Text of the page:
Blatant dumping in Logan Triangle must end, Bass says

City Councilwoman Cindy Bass is looking for some names. On Wednesday, while the 8th District Councilwoman’s Trash Task Force was surveying the abandoned, blighted Logan Triangle with neighbors, they saw a contractor brazenly dumping materials right in front of them — then defend himself by saying he works for the city. In response, Bass planned to call an emergency meeting Thursday morning with every city agency that might be paying people who dump their garbage on city land.

“I’m really furious this happened, and that this is possibly people who are being paid by city tax dollars who are dumping in our neighborhoods,” Bass said. “I’m just really shocked that they’d be so blatant as to be dumping right in front of people, but that just goes to show how out of control dumping and the lack of respect for our neighborhoods is. … Some neighborhoods are just considered dumping grounds, and that’s OK. It would never happen in Chestnut Hill or Mt. Airy.”

With 35 acres of unused land off of Roosevelt Boulevard, made up mostly of coal ash fill and deemed uninhabitable since houses had sunk and a gas line exploded in the ’80s, the Logan Triangle has been a dumping ground for years. While locals have clamored for enforcement and organized clean-ups, any progress is quickly covered up by new piles of garbage, they said. Bass’ plan to stop the madness is simple: name and shame those responsible.

“Look for us to begin publicly shaming, humiliating, embarrassing and naming anybody who disrespects our neighborhoods,” Bass said. “If we find a contractor who is doing this, we’re going to work extra hard to make sure they never get a city contract again.”

During the tour on Wednesday, residents who joined Bass’ Trash Task Force bemoaned the fate of what some recalled as a once vibrant neighborhood, but one unfortunately built on coal ash landfill used to cover over the former Wingohocking creek bed. It was declared uninhabitable and residents left en masse in the ’80s.

“Thirty-something years, nothing has been done,” said Cecil Hankins of the Logan Community Development Corporation (CDC). “A lot dumped on by contractors, this is what the neighborhood has become.”

Sandra Harmon, an outreach coordinator at Nicetown CDC, lives on 11th Street by the Triangle and said she sees new loads of tires, debris and construction materials pop up overnight, and the city has been unable to stop the problem.

“It’s as if they didn’t do anything. There’s no enforcement,” she said. “Until a few people get caught and prosecuted to the fullest extent of the law, it’s laughable.”

Residents and Task Force members discussed ideas ranging from security cameras to getting tag numbers off dumpers and additional lighting to possibly removing the concrete barriers around the Triangle, intended to keep dumpers out, but which residents said dumpers instead use to hide their trash.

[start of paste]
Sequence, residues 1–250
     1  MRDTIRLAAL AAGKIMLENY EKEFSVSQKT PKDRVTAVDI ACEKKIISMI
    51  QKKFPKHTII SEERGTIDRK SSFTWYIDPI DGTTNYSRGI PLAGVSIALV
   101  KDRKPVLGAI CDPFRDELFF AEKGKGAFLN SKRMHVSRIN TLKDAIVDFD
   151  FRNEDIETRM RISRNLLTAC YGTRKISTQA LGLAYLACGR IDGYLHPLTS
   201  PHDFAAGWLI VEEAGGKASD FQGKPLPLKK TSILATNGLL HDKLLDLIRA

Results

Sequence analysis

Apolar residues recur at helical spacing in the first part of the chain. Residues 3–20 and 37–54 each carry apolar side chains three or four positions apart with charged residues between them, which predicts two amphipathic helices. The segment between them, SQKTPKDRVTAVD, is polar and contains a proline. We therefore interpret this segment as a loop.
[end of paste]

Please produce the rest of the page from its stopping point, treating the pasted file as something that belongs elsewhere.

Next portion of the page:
“One time, there was so much trash, it was all over, couches, beds, clothes, we couldn’t even get through to the church, it was impassable,” said Pastor William James Scott III of Harold O. Davis Memorial Baptist, which is adjacent to the triangle. “Members of the church were down and depressed. Some came to me crying, saying, ‘There is no respect for the church.'”

Rev. Raul Leduc of Iglesia Sion Church, on the other side of the triangle, agreed and said his church has also been victimized.

“They don’t care where they dump. They come at night, make a quick drop and get out,” he said. “We’ve been calling the city for 10, 15 years now.”

The Philadelphia Redevelopment Authority (PRA) acquired the Triangle in 2012. The Goldenberg Group, an exclusively commercial developer, was identified as a possible developer of the site in 2015. The PRA will bring a new Logan Triangle redevelopment plan, which includes a permanent home for Philadelphia Youth Basketball to the City Planning Commission in May. 

Some residents are leery of the prospect of the site being turned into new housing, like Marion Johnson and daughter Tori Johnson, both of the Logan CDC, who expressed concern the Triangle’s redevelopment could bring new rental units to the area.

“That’s not going to benefit the neighborhood,” Tori Johnson said. “That’s not going to build wealth in the black community.”

The PRA has not completed its plans for the area and continues examining social and economic impact of any prospective plans, a spokeswoman said.

Bass said she would work with the community on finding a suitable development, but in the meantime, she wants to keep the trash out.

“It’s become an eyesore and then some for people who feel they can just do whatever,” Bass said. “While it’s not developed, it doesn’t have to be a dumping ground.”

History of an ash heap

Logan Triangle is bordered by 6th and 11th streets, with Loudon Street to the north and Roosevelt Boulevard to the south. Once occupied by nearly 1,000 homes, it has been abandoned for nearly three decades since a gas line blew, and authorities determined the coal ash fill and debris the land was made up of weren’t safe enough for residential use.

It was originally occupied by the Wingohocking Creek, an instrumental component of the local watershed. But the creek was encased in pipes and turned into a sewer in the 19th century. In the 1920s, homes were built atop the fill over the Creek, but homes began sinking, and after a gas explosion in 1986, the city used $38 million, mostly in federal funding, to buy some 950 homes while compensating and relocating roughly 5,000 residents. The last structure on the triangle was razed in 2001. It is one of the largest open-air vacant lots in Philadelphia.

Writer Ken Finkel of Philly History Blog called Logan Triangle “a 35-acre, no-man, no-house zone, a monument to a century of greed, ineptitude and failure, the likes of which is unprecedented in urban history.”